Educational Birthday Gift Ideas for Infants
Infants can retain an amazing amount of information. Colors, lights, sounds, shapes, and movement are all meant to foster the child's cognitive abilities.
Ideally infants should have a large selection of sense stimulating objects at their disposal. High contrast photographs or paintings are preferred as are pictures featuring primary colors. A colorful mobile with lights and sounds provides many hours of fascination and allow the infant to practice focusing their eyes. Soft blocks, cloth books, and stuffed animals provide welcome tactile sensations.
Providing toys which promote hand-eye coordination are important to an infant's development. An interactive drum, a set of blocks, shape sorters, or brightly colored rattles presented as a birthday gift inspire the child's cause and effect response and encourage them to engage in repetitive actions.
In the early months, infants are developing their bite reflex. Encourage them to nibble on gel filled toys, which can be refrigerated or warmed to help ease the pain associated with teething. Provide cloth toys, soft plastic rings, and chewable rattles as a birthday gift for a variety of sensations for the baby to enjoy.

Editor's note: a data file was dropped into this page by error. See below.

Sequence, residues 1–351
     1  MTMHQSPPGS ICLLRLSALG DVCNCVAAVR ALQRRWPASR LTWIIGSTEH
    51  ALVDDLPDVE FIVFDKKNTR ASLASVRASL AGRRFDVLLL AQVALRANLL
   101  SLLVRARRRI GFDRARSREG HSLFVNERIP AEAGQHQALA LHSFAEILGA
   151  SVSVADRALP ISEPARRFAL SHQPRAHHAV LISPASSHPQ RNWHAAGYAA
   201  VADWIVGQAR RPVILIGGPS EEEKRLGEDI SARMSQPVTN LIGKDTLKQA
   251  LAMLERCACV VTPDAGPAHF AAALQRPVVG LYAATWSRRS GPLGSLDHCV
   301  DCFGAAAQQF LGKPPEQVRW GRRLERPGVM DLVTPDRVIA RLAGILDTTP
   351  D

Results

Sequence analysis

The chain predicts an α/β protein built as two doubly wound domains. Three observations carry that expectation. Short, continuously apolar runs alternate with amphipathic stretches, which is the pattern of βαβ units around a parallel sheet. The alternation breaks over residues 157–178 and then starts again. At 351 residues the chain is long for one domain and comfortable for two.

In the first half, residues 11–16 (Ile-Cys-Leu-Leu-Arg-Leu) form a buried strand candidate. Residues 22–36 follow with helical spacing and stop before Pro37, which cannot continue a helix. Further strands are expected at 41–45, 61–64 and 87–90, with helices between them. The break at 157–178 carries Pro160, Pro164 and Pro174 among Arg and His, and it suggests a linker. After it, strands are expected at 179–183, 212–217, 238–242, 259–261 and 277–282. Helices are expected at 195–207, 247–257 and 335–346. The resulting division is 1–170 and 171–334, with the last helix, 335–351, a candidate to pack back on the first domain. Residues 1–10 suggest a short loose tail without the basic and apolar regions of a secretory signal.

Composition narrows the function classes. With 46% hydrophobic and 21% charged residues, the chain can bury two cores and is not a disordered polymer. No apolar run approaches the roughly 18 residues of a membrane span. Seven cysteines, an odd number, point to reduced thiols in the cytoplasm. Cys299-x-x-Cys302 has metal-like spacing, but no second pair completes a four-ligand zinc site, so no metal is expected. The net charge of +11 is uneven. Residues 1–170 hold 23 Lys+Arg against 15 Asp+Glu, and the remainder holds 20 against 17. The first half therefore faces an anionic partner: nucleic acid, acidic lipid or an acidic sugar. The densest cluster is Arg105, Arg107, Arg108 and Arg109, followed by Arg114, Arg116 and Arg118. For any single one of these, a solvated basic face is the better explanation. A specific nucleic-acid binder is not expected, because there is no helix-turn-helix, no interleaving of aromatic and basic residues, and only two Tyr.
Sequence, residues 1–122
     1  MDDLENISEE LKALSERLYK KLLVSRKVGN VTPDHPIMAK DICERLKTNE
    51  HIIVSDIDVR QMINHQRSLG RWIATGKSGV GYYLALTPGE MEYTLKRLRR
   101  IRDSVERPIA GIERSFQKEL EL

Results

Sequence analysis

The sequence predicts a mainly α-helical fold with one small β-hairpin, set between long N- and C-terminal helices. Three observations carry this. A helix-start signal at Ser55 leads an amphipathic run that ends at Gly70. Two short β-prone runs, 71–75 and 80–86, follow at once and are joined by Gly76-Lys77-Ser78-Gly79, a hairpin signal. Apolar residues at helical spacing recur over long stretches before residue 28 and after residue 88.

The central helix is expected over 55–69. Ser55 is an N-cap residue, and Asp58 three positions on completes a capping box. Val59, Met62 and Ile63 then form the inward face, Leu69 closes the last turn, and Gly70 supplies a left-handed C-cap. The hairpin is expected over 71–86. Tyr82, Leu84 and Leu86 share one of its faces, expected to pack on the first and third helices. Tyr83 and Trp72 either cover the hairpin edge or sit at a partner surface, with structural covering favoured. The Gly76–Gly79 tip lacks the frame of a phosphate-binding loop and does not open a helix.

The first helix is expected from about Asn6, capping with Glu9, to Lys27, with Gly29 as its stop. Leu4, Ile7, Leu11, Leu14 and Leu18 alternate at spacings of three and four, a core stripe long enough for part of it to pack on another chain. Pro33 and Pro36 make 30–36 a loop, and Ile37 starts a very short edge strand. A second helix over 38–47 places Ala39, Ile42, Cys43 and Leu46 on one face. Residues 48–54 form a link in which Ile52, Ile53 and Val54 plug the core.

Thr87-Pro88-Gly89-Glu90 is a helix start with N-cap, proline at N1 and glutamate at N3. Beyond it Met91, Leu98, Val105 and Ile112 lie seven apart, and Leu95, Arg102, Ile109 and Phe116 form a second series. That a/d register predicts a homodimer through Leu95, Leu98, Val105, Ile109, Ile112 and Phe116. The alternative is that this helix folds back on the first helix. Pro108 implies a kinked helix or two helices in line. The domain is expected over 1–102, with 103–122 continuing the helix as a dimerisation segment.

Scents are a complex and important part of our senses. Our sense of smell is directly linked to various emotional responses, and it plays an important role in memory recollection. For example, a lavender-scented sachet in the baby's room will encourage calmness and relaxation.
Invest in a collection of simple and silly music for infants. Sing along with the songs. Research shows that a musical influence early in life lays the groundwork for a better education later. Music and math are directly linked with those raised in a musical environment grasping mathematical concepts with greater ease.
Parents who are stumped for a birthday gift idea can consider purchasing a secondary language video set. Children who are taught a second language at the same time they learn to speak their primary language have the greatest chance of retaining and applying the information to their environment. Research has suggested there are long-term cognitive benefits including the possibility of delaying Alzheimer's disease up to four years in later stages of life. Infants can even be taught simple sign language.